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Seminary in Spain Carries the Protestant Baton

Berea Seminary in León, Spain, has just celebrated its first graduating class of preachers. With a solid model church under the pastoral leadership of David Robles, the vision to equip pastors throughout all of Spain is beginning to be realized. After decades of dictatorial persecution, where the Gospel was systematically stamped out of the public square, this achievement marks the rekindling of an old Protestant fire whose tinder was first laid in León nearly 150 years ago.

The significance of this graduating class is appreciated better in its surprising historical context, which in one sense begins with Spurgeon. Charles Haddon Spurgeon, the thunderous Baptist minister of nineteenth-century England, is arguably the preeminent preacher this side of Paul. To this day, he remains “the Prince of Preachers,” but while Spurgeon’s emphasis on preaching is well known, his emphasis on training preachers has been largely overlooked. When he was only twenty-two years old, he founded the Pastors’ College, focusing on equipping preachers who otherwise had no access to theological training.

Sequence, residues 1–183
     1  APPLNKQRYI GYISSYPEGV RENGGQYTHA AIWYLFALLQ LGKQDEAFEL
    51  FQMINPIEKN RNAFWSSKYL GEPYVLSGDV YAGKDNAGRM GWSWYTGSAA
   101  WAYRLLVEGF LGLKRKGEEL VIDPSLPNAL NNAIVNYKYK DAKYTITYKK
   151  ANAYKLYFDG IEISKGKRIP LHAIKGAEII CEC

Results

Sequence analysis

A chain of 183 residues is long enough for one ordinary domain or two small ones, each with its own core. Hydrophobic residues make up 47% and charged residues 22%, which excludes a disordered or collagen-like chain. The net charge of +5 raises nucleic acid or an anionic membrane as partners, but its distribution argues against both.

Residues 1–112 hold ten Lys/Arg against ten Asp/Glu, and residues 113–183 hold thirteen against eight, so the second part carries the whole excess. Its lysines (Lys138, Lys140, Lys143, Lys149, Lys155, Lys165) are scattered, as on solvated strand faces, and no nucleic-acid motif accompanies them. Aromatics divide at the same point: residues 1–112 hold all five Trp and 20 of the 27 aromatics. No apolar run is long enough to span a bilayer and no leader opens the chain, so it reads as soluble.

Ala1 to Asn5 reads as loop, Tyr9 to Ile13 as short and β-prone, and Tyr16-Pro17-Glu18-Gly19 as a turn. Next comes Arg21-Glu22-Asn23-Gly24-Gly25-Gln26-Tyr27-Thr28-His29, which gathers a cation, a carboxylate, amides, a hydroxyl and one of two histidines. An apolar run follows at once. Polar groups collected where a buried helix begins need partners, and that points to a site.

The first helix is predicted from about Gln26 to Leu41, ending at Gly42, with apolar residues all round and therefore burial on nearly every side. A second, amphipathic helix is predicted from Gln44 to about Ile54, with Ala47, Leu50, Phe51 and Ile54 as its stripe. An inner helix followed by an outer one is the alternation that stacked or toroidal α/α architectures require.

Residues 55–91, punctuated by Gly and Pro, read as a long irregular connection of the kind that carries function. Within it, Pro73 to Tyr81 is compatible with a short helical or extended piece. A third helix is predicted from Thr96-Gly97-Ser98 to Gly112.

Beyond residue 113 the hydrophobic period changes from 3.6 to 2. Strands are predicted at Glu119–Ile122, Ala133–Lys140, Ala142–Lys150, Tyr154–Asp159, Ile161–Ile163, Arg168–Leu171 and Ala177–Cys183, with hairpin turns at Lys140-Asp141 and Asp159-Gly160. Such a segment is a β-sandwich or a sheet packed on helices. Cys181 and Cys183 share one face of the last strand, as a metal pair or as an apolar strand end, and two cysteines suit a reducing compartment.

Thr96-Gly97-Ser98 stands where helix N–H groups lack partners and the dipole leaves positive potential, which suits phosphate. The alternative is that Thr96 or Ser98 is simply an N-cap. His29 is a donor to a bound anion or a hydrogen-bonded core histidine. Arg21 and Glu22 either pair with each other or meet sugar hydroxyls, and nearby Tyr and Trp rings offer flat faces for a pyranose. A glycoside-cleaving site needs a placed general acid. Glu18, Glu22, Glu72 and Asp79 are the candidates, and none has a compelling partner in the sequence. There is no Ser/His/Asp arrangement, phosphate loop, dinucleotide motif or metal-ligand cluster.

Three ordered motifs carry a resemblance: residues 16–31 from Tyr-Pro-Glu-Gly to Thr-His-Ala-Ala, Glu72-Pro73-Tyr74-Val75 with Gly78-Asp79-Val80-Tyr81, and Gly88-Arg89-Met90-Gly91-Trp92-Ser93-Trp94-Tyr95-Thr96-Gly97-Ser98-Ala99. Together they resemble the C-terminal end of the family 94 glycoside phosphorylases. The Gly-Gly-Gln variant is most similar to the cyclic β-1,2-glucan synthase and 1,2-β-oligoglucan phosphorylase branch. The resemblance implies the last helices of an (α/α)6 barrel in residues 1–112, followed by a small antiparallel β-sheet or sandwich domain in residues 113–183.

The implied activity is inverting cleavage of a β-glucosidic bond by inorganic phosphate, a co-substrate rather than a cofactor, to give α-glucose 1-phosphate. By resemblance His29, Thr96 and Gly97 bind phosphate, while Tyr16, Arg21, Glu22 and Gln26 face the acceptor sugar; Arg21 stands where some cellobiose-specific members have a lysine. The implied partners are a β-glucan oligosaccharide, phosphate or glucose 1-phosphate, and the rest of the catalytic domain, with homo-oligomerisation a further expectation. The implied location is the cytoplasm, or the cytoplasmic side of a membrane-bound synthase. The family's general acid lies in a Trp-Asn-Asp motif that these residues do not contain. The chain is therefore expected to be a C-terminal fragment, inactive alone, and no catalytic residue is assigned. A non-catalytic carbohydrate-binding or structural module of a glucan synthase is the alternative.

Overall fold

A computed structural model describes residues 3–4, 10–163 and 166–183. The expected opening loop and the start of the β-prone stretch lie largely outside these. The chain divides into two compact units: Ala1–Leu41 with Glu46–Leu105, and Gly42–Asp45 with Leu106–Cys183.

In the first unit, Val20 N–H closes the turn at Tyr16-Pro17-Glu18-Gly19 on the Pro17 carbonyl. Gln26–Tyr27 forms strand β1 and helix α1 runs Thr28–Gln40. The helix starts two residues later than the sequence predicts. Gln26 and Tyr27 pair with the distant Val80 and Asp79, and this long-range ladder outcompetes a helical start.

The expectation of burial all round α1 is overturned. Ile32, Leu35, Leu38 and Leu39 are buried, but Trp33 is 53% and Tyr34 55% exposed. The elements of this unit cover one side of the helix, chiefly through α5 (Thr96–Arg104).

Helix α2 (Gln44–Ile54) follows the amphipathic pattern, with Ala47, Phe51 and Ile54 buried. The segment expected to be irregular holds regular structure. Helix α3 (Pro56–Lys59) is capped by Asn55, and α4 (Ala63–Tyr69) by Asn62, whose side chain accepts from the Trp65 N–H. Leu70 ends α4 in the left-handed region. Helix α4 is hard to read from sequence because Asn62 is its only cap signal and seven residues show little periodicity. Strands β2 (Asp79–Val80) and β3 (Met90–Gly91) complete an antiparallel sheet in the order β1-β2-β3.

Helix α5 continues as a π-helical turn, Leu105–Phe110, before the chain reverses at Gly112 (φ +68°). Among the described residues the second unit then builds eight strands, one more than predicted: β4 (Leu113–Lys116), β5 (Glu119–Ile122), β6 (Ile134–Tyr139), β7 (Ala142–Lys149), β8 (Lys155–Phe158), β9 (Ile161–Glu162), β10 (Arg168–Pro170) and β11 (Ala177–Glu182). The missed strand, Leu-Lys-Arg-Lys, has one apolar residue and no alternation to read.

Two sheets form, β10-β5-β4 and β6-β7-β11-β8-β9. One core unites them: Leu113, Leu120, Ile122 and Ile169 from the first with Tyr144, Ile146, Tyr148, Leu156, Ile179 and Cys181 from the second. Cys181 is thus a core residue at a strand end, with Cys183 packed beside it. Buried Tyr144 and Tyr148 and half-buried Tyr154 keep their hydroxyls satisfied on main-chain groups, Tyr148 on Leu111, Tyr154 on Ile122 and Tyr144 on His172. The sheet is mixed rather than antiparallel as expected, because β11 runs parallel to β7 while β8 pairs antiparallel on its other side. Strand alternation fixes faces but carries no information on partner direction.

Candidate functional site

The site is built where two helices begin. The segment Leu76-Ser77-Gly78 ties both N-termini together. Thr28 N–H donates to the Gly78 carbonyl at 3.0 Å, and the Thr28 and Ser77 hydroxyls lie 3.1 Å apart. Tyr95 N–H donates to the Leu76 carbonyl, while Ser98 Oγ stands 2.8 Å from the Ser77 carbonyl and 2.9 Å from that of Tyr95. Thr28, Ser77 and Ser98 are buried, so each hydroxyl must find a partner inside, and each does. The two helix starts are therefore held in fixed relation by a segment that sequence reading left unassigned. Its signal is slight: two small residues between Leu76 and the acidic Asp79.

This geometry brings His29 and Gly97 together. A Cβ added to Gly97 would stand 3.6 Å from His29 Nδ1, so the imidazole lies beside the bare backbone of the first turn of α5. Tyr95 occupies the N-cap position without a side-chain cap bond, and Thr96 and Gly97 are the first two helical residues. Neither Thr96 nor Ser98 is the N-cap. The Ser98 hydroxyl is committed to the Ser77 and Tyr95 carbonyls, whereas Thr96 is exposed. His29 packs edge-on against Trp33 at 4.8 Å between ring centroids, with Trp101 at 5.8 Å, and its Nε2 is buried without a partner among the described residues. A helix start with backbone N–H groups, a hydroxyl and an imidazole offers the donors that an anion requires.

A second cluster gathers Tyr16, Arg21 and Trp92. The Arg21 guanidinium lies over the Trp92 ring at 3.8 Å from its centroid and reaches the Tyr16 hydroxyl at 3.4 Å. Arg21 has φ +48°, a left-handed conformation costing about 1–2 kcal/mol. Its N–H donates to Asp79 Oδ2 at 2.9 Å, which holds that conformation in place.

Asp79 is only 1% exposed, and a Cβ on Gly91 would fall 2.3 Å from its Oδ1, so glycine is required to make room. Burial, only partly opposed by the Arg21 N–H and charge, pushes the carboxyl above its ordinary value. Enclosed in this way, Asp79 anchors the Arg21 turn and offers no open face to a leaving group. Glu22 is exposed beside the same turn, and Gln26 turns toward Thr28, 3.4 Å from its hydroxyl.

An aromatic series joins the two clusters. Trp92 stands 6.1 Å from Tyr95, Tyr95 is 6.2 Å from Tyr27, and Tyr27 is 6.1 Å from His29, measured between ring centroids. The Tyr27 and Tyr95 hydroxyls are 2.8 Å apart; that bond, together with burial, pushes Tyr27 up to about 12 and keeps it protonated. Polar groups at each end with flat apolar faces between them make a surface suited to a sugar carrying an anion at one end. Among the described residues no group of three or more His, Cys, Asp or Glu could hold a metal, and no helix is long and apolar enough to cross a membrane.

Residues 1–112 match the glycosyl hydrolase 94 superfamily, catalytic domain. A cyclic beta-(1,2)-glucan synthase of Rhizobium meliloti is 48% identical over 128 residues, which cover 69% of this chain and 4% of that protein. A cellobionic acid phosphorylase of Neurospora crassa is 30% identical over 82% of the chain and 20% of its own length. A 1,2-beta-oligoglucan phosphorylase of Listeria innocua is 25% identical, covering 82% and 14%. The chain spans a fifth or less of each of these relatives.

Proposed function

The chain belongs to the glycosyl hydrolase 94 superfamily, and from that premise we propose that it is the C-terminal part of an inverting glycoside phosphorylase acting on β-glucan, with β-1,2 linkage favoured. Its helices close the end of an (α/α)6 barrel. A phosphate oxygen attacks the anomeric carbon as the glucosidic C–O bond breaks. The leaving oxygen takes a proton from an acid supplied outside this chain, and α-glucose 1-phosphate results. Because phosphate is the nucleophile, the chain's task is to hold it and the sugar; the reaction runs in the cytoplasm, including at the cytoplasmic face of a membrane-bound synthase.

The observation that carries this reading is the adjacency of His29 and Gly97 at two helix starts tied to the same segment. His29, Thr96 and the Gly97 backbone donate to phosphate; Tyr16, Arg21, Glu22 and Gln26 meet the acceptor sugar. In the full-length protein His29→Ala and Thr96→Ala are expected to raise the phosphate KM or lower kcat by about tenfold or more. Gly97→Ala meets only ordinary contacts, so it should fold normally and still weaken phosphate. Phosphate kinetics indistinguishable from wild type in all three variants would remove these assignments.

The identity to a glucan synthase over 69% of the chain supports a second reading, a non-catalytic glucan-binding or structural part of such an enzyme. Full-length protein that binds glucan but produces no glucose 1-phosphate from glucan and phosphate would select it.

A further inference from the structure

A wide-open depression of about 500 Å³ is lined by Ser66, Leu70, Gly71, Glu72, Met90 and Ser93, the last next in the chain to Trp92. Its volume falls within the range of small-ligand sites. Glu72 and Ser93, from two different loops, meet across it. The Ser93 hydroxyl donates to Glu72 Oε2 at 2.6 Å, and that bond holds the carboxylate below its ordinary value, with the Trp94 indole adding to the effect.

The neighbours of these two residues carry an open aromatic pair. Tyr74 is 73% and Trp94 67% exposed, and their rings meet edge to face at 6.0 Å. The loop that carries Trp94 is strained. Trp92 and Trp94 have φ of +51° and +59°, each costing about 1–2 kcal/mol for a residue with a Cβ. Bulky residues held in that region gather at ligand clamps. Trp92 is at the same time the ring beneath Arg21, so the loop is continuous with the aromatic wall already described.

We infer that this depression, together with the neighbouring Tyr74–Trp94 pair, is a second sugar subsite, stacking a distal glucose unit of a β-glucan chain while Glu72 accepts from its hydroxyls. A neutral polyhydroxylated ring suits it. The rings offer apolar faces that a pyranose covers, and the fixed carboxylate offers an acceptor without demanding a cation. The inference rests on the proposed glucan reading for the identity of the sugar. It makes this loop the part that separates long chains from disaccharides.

It was two such graduates of Spurgeon’s college who brought the Gospel to northern Spain in 1870, and, through their influence and associates, churches in León were established. Though often persecuted, the true Gospel has survived in these churches for over a hundred years, and through the leadership of one such historic church, Spurgeon’s emphasis in preaching and in training preachers continues. Like Spurgeon’s school, and tracing its spiritual pedigree to the influence of Spurgeon’s students, Berea Seminary aims to continue the work of training preachers who would otherwise have little to no opportunity.

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Generalissimo_Francisco_FrancoDavid Robles, founding president of Berea Seminary and pastor-teacher
at Evangelical Church of León, understands well the historical significance of this graduating class. When he sought to be trained 16 years ago, there was nowhere locally he could go. For several decades in the 20th century the Gospel had been stifled under the repressive political measures of dictator Francisco Franco and these effects can still be felt. So to find theological training, David had to learn English, move to the United States, and leave family behind for five years.

He dreamed to return to Spain and establish a seminary for his Protestant countrymen. After five years of training and eleven years of prayer, this dream has finally come true. The first thirteen preachers have now graduated and were sent out to proclaim the good news across Spain and the surrounding regions. Many more have enrolled from places such as Madrid, Galicia, Andalusia, and even North Africa. Strengthening the evangelical church in Spain has now become a dynamic and present reality. Join us in praying for David and the saints in Spain who continue the blessed Protestant work of preaching and training preachers.